12.04.2009

Uncle Tom's Cabin by Harriet Beecher Stowe

"From his deepest soul, he that hour loosed and parted from every hope in the life that now is, and offered his own will an unquestioning sacrifice to the Infinite. Tom looked up to the silent, ever-living stars,--types of the angelic hosts who ever look down on man; and the solitude of the night rung with the triumphant words of a hymn, which he had sung often in happier days, but never with such feeling as now."

Let me tell you what's wrong with Uncle Tom's Cabin, because it's one of those books people feel the need to hate. Uncle Tom's Cabin is not gorgeously written. It sermonizes frequently. The book reinforces some terrible black stereotypes: the 'happy darky', the 'picanniny', the tragically beautiful mulatto, the Mammy nurse. Uncle Tom's Cabin draws on flat, melodramatic characters at the expense of human emotion. Uncle Tom's Cabin is terrifically unbalanced, terribly bigoted, and unredeemably out of date. It is less a classic than an artifact.

Now, let me tell you, please, why I loved reading it anyway.

Harriet Beecher Stowe was not an angel. She was simply a woman who saw that a thing was wrong in the world, and wanted to change it. She wasn't a great stateswoman or a practical reformer, and knew nothing really about how to, nuts and bolts wise, fix the problem of slavery. What she did know was the feeling of slavery. And for all that we now dismiss the book as sentimental, melodramatic and campy, it touched people when it was written - in fact, it was the second highest selling book after the Bible, and earned Stowe's reputation as one of the great abolitionists around the world. The book wounded people - people who did not know what to think were convinced by it, people who disagreed with Stowe were enraged by it. This book, in a way that few simple novels have been, is a mover of history.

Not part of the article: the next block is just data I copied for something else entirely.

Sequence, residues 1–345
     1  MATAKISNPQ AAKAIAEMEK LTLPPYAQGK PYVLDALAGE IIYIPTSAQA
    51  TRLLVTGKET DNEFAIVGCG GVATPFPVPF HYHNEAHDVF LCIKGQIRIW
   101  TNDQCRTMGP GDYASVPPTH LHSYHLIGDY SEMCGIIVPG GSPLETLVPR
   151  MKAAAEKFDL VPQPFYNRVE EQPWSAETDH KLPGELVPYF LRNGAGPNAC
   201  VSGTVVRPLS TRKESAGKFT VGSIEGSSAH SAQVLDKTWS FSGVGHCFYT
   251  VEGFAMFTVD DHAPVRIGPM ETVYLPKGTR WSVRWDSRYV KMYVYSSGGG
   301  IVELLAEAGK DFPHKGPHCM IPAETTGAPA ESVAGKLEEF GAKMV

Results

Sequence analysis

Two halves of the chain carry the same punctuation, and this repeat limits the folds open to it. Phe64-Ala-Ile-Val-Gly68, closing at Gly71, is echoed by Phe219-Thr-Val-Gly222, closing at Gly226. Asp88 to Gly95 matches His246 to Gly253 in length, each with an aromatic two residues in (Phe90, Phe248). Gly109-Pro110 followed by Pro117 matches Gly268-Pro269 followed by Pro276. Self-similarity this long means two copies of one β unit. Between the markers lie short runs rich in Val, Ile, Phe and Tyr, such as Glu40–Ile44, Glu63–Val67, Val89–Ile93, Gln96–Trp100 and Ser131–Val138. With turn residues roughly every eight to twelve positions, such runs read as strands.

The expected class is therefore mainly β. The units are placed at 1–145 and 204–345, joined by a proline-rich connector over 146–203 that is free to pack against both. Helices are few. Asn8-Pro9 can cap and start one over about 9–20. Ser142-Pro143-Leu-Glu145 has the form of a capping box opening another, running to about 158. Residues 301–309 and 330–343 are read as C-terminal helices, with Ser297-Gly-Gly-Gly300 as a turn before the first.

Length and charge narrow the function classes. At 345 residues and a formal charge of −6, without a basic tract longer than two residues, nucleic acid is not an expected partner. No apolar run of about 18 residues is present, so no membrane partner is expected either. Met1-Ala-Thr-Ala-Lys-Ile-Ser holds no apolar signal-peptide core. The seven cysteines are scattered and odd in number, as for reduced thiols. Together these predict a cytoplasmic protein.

And, the thing is, if you accept the sentimentality for what it is, and accept the book's shortcomings, this is still a really moving book. Tom is one of the most unabashedly Christ-like characters in the history of literature. Eva is a poignant, beautiful allegory of Christian thought. Legree channels the soul of evil in a way that is deeply disturbing. The trick is to think of this less as a novel about real people, and more like an allegory, a sort of Puritan version of the religious vision. The characters are types, sure - but that's because they represent ideas, not personalities. And you can feel the fervent hope of a woman who desperately wanted to do her part behind those ideas. It was an imperfect part, sure, and even bad in it's way, but it was noble and full of love. In some sense, the measure of a successful social movement is when we can look at it's founders and think they were backwards.

14 comments:

Chris said...